The Time I Casually Got an Oblique Tibial Shaft Fracture PW #1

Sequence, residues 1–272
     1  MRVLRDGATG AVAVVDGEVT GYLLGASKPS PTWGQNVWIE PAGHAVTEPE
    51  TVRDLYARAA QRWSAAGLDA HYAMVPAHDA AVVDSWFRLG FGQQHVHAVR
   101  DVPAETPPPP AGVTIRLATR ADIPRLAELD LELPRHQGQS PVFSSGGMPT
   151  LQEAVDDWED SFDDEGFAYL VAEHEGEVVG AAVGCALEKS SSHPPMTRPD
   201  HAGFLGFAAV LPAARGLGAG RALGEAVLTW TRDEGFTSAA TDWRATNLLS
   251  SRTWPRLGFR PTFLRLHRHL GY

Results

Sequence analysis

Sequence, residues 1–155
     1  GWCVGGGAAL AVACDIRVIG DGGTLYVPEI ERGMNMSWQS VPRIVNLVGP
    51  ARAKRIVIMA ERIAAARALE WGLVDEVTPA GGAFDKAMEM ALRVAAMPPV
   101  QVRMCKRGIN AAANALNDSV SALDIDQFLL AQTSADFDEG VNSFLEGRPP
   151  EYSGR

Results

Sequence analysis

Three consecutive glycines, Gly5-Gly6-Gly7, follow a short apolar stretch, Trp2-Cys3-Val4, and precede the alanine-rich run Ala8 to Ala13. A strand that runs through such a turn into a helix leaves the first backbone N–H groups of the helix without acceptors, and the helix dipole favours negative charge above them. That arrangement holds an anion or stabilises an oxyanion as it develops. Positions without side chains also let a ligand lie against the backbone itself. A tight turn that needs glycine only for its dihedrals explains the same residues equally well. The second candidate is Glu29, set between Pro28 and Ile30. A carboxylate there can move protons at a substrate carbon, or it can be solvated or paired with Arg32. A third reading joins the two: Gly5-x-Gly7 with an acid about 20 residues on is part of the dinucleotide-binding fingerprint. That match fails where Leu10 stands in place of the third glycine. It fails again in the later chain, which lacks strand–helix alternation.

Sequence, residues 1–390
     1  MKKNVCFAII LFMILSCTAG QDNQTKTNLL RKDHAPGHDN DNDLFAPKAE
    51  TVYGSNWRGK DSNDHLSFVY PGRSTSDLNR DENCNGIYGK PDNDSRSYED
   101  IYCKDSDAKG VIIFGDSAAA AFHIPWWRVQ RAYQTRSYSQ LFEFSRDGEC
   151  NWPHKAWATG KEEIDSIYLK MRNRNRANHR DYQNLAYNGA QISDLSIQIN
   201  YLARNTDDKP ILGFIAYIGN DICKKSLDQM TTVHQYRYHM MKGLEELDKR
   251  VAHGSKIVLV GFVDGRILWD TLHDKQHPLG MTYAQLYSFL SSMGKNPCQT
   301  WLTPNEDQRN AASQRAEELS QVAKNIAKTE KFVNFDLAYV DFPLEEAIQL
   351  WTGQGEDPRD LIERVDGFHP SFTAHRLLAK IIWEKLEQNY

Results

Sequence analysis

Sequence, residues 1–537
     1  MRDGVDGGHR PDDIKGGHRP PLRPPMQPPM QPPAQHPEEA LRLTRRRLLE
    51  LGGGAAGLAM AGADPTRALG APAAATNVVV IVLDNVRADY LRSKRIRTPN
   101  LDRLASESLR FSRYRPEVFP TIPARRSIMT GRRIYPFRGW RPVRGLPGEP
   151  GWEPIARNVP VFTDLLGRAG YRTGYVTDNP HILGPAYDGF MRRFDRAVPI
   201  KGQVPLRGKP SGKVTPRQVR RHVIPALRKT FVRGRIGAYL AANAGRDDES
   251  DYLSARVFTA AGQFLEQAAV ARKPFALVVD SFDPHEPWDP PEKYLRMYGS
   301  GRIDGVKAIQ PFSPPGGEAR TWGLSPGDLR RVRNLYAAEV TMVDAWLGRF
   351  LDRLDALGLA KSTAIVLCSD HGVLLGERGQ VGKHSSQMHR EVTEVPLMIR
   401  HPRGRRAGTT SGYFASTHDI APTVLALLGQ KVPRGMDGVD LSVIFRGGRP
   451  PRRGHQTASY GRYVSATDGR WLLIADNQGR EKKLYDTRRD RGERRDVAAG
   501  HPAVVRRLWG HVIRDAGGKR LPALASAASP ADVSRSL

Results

What seemed to be a day I was waiting for over two years resulted to be a disaster. It began when I decided to go to bed early because I did not want to fall asleep on the ride to mount Washington. I woke up numerous times at night trying to contain my excitement at times where it felt almost unreal that I was going to go skiing again. I had just gone off the phone with my friend at 3:30 in the morning deciding on where we were going to sit on the bus but before I knew it, it was time. I quickly got up from by bed, took a quick shower, stuffed all my skiing equipment into my backpack, and made myself breakfast. I had a full 9-hour sleep and had my morning cup of coffee and was ready to go. Once I was dropped off by my dad, I was ready to get on the bus. I boarded the charter bus and put my backpack onto the top shelf and sat down on my chair. 10 minutes later, the bus was off. It took around 3 hours to get to mount Washington and it was hard enough being the only person awake since there was no one to talk to, but I remembered to bring my iPad for that specific reason. Once we got to the mountain, I had to desperately search for someone who could tie my ski boots for me and luckily, I found a student tying everyone’s boots because the attendees were mostly international students who have never gone skiing before. Once I got my skis on, I went straight for the easiest hill on the mountain, the Reverse Traverse. At first, it was a smooth breeze down the hill. Since this was my third time skiing, I was confident. Then I went down the hill a second time, and the already bad snowstorm got worse. I went down the first slope and almost fell, but I quickly regained balance. Then, it got much worse. The snow continued to pile up and eventually, I fell victim to a icy bump. I was thrown off my skis and started rolling down the hill, then I suddenly stopped. I tried to stand back up, but I was unsuccessful in doing so. A sharp pain went down my leg and when I tried to move it, I felt the shattered bone in my left leg rocking back and forth. I yelled as loud as I could, trying to catch the attention of nearby skiers until a skier saw me on the ground and called the ski patrol as I was begging for him to take off my ski. 10 minutes later while shivering on the ground, a member of the ski patrol came with a toboggan to take me down to the first aid building. It all seemed like a straightforward process, until the doctor had to figure out how to take off my ski boots. I was given laughing gas and inhaled a lot of it which seemed to help with the pain. The moment the ambulance arrived I was put into another stretcher with a box cast on my leg. Surely it couldn’t get worse than this? Once I waited an hour for my X-Ray to get taken, I was told that I would have to get surgery which I have never gotten before. It took me a while to process everything since at first it seemed that it wouldn’t be such a big deal, but then once I woke up from my surgery, I had a new cast on my leg that was half plaster half bandage. It didn’t hurt at first until the morphine wore off and I felt it all. Until this day, I have had to cope with the fracture since I still have the metal pins in my leg. I was on crutches for three months until I was given the green light to walk normally on my broken leg. My ankle was barely movable at first due to muscle atrophy, but it took me another four weeks until I was able to walk like I did before. Breaking my leg reminded me that I wasn’t indestructible and that I should pay more attention to the slopes next time.

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